If you are adopting/purchasing a cat, install high-quality metal screens on all windows. And keep in mind that cats are excellent climbers, so pet-proofing for a cat means more than just keeping the floor area safe; move plants and fragile objects to a protected area. For kittens, DiCicco says to block any small hideouts where the kitten could escape or get stuck, including around and underneath appliances.
Because scratching is a natural behavior for cats, DiCicco recommends investing in a scratching post to prevent the destruction of other objects. And just as cats need to be able to scratch, dogs need to be able to chew. Provide appropriate chew toys; Miller suggests Kong dog toys, which come in a variety of sizes and firmness, or Dog Tuff toys.
If you are getting a puppy or dog who is not yet house-trained, create a special area for the dog using baby gates or a collapsible pen, so any accidents don’t damage carpets. (You should roll up and store decorative rugs until your new dog is fully house-trained.) Miller prefers baby gates that are pressure-mounted (no need to screw them into door frames) and that are easy-open walk-through.
And she suggests using a crate to help train your dog. “When properly used, a crate is the easiest way to house-train and manage a puppy, because dogs come with a natural inhibition against soiling their own den.” For the house-training process, Miller says to use a smaller crate, so the dog can’t soil one side and lie comfortably on the other. Once a dog is fully house-trained, switch to a more spacious crate.
When you bring your pet home, DiCicco says to give them some space to get acquainted with the sights, sounds and scents of their new home, while keeping an eye on them as they settle in. “And remember to take things at their pace and follow their lead,” she says.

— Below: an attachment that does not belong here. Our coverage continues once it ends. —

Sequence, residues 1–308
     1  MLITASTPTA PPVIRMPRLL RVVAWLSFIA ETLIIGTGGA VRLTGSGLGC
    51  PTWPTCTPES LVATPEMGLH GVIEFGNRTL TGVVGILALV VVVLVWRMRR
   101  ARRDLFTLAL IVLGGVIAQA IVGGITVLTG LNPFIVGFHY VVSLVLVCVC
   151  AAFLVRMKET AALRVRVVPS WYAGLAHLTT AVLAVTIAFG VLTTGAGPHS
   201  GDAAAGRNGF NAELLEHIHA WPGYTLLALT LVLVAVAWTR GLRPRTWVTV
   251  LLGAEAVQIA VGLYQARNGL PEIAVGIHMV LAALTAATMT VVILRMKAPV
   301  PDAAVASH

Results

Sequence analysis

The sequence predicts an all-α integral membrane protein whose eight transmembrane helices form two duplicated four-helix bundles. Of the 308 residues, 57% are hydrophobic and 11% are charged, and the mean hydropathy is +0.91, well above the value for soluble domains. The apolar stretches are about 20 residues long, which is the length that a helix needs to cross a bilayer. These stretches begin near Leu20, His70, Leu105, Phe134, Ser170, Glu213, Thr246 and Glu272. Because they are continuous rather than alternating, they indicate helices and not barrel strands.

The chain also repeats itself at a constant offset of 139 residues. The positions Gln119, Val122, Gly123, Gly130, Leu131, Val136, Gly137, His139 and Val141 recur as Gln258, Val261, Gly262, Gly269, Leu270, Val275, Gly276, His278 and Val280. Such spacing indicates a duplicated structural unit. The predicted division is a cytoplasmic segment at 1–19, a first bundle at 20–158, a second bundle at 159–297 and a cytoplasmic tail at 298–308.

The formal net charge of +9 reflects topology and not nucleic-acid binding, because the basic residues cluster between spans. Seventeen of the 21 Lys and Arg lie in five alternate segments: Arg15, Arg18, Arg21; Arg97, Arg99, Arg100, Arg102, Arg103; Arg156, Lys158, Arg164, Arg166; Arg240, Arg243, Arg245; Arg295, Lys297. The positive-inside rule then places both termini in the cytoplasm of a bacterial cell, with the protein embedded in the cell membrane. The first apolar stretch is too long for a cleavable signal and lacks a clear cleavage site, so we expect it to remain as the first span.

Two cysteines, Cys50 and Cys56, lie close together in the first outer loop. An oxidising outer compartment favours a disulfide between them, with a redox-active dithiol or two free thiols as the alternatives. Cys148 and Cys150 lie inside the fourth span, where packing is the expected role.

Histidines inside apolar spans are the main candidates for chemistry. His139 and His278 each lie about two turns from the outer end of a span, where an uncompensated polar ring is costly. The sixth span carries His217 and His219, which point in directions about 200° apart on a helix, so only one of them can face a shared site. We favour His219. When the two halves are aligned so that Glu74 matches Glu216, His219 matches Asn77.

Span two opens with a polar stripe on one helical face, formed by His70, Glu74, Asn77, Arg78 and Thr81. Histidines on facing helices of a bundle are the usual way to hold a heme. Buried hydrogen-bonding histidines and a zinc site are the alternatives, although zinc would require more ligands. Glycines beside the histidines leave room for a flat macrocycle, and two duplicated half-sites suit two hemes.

Some cats are more sensitive than others, so they may settle in better if initially confined to one room, DiCicco says. Gradually give them more space to explore over time. This helps them adjust to their environment without feeling too overwhelmed.
If you already have pets, provide the new pet with a quiet area away from the other animals while they get acclimated, potentially for their first few days or weeks, and take initial introductions very slowly. DiCicco suggests trying scent swapping — giving one animal something that smells like the other — before introducing them. This improves your chances of having a successful first introduction.
Miller is not a fan of animal doors; she says it’s best that you control when your dog goes in and out. “It’s your responsibility to make sure that your dog gets out as often as he needs to, not only to go to the bathroom, but also to exercise,” she says. “If your animal has an accident indoors, it’s your fault.”
Lastly, Miller says to opt for a physical fence and not an invisible underground shock fence (which she thinks should be illegal). “Invisible dog fences don’t keep things out, so they don’t protect your dog from something coming in and getting them, and they contribute to unwanted aggressive behavior,” she says.
Mayhew, a “Today” show style expert and former magazine editor, is the author of “Flip! for Decorating.”